The recommendation of the Council conclusions to “present coherent and streamlined financing schemes” may help address this problem. The establishment of the “Global Europe” fund, which unifies several EU external action instruments, appears to be a step in the right direction. However, the EU should be careful to make sure that such efforts go beyond branding and bureaucratic re-organization. It can ensure this by cutting red tape and making application processes clearer for recipient countries.
Regarding increasing accessibility of funds, the Council recommends mobilizing “the private sector to finance and implement projects.” Yet, persuading private investors to put capital into low short-term yield, high-risk infrastructure projects is the holy grail of development finance. The problem is a lack of bankable infrastructure projects, leading to a decline of private investment in developing country infrastructure by 36 percent over the past 10 years. The calls repeated in the Council conclusions for a “Business Advisory Group” for private-public consultation and coordination on projects is certainly an important step in this process.
BRI-style hard infrastructure projects are appealing for local elites
BRI also appeals to host countries because it facilitates often large-scale hard infrastructure projects that are unable to attract financing from status-quo international financial institutions because they are deemed too risky or otherwise unsustainable. For example, the Chinese financed controversial highway in Montenegro was first turned down by the European Bank for Reconstruction and Development as commercially unviable.
Such projects are attractive to local elites because they are deemed necessary long-term investments for economic development, and/or because they provide kickbacks and political capital. A big bridge simply provides a better photo opportunity for the campaign trail than a cluster of small EU grants for private enterprise. If the EU were to put itself more often in the shoes of local elites and appreciate their political considerations, it could increase the appeal and impact of its connectivity schemes.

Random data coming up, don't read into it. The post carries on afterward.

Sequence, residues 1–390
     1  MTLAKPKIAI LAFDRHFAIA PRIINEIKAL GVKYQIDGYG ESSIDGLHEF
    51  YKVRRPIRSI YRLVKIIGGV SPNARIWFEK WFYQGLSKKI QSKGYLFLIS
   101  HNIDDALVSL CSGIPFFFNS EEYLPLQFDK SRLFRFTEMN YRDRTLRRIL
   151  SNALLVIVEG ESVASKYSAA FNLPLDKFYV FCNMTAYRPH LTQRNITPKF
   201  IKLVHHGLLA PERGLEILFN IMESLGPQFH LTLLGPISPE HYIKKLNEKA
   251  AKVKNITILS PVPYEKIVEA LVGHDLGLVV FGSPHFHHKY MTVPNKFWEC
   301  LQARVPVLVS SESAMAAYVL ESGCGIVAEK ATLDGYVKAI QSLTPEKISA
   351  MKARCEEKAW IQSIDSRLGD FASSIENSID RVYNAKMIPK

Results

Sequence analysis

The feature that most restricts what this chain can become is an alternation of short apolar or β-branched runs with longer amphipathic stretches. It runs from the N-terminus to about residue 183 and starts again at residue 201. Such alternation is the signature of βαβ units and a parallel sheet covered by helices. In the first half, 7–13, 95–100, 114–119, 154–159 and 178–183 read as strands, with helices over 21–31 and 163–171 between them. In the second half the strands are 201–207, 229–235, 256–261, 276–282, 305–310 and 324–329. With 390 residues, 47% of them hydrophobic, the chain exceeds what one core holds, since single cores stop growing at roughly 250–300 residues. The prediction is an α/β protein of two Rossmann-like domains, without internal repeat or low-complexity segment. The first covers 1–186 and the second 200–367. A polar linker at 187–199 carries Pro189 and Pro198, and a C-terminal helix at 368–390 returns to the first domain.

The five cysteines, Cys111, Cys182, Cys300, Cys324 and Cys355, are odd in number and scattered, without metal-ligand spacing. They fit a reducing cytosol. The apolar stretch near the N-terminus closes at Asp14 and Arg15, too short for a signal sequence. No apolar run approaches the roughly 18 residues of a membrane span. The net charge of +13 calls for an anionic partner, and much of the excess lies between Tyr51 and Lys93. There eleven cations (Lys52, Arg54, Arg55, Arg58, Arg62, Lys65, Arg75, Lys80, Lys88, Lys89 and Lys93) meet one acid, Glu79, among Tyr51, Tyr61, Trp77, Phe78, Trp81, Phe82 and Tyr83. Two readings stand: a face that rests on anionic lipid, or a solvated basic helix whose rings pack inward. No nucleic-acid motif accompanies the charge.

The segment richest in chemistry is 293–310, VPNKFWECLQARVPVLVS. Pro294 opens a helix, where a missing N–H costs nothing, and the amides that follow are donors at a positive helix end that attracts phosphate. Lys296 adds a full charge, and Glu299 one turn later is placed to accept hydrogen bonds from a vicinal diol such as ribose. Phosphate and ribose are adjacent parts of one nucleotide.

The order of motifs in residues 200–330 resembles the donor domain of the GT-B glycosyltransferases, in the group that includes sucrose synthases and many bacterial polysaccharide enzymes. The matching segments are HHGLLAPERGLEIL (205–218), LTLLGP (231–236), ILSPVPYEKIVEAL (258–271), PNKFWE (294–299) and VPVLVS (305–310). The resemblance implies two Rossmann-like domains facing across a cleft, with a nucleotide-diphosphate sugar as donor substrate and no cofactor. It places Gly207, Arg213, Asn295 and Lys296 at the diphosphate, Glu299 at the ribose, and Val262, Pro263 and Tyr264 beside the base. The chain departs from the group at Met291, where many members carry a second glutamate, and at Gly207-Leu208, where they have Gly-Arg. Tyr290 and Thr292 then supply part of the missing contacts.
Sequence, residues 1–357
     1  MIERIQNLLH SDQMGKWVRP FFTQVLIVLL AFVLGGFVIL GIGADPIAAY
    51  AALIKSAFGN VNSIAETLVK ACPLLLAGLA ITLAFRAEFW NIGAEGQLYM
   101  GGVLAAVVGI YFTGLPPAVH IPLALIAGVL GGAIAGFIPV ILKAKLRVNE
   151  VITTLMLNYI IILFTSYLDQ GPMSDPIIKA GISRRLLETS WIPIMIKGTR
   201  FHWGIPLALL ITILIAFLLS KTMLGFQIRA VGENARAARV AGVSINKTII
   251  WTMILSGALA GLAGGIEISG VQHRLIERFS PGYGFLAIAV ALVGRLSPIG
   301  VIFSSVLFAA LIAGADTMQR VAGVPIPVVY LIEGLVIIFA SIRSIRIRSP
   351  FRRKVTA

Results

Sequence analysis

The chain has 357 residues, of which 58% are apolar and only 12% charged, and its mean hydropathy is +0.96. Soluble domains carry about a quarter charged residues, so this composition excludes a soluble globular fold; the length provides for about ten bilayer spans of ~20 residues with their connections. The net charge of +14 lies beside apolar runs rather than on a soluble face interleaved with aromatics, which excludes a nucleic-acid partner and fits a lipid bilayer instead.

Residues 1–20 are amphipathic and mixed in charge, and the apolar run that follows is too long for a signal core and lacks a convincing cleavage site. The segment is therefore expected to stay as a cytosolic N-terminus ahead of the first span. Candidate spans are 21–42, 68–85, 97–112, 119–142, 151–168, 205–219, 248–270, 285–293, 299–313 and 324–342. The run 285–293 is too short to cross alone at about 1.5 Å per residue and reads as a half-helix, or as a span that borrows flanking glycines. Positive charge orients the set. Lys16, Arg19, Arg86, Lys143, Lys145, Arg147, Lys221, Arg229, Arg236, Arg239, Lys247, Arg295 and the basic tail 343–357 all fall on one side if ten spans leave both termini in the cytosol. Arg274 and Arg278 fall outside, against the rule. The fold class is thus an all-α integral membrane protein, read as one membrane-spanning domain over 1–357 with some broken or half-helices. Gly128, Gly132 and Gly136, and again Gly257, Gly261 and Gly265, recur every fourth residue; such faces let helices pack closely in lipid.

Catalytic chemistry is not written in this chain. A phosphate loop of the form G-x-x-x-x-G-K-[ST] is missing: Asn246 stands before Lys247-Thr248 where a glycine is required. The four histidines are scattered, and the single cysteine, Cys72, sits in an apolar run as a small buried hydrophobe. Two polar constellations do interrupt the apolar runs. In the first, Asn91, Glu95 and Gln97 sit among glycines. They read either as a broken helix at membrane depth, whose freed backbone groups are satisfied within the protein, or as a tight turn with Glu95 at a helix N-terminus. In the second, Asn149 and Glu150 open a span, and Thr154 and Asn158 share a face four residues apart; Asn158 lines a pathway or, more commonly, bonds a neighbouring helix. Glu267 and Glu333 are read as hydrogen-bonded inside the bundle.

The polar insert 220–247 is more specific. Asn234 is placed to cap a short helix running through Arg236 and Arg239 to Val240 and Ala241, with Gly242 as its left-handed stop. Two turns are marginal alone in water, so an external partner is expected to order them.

The Council conclusions call on the commission to “identify and implement a set of high impact and visible projects” as part of the new connectivity strategy, thus acknowledging a need for more physical infrastructure.
BRI’s successes and failures could inspire the EU
Just as the EU is gearing up to compete with BRI on the assumption of its success in creating economic leverage and generating political influence, there is evidence to suggest that the BRI as we know it – big loans for infrastructure projects – is in retreat. Although the specifics are contested, anecdotal evidence and data from Boston University show that policy bank loans from China peaked as early as 2016 and have been declining since.
Although it is often thought of in terms of strategic economic corridors, the reality of the BRI is that projects are rarely planned with network effects in mind. By deploying its expertise in connectivity and planning economic corridors that further EU strategic interests, the EU could achieve what the BRI set out but failed to do.
Framing the new connectivity strategy as a competition with China may be unnecessary. Neither does the EU need to ape the BRI. Instead, it should embark on its course correction taking BRI’s successes and failures as inspiration.